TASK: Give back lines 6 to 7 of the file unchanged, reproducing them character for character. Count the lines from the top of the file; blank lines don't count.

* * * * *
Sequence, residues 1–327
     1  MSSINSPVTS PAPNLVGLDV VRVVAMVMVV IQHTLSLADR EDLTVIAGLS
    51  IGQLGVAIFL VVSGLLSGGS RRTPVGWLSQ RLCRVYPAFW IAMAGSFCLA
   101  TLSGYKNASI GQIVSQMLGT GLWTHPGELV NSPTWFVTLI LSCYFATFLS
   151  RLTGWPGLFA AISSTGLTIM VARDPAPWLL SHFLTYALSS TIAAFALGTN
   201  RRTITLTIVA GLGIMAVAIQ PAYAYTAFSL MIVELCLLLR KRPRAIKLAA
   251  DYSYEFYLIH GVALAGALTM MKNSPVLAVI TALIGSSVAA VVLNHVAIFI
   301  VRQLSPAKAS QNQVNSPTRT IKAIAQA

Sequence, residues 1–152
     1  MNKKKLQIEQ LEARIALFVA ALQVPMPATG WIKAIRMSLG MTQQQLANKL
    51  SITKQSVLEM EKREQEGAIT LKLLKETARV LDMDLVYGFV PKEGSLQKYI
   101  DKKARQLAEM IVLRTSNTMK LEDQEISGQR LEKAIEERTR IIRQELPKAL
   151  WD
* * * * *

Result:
   201  RRTITLTIVA GLGIMAVAIQ PAYAYTAFSL MIVELCLLLR KRPRAIKLAA
   251  DYSYEFYLIH GVALAGALTM MKNSPVLAVI TALIGSSVAA VVLNHVAIFI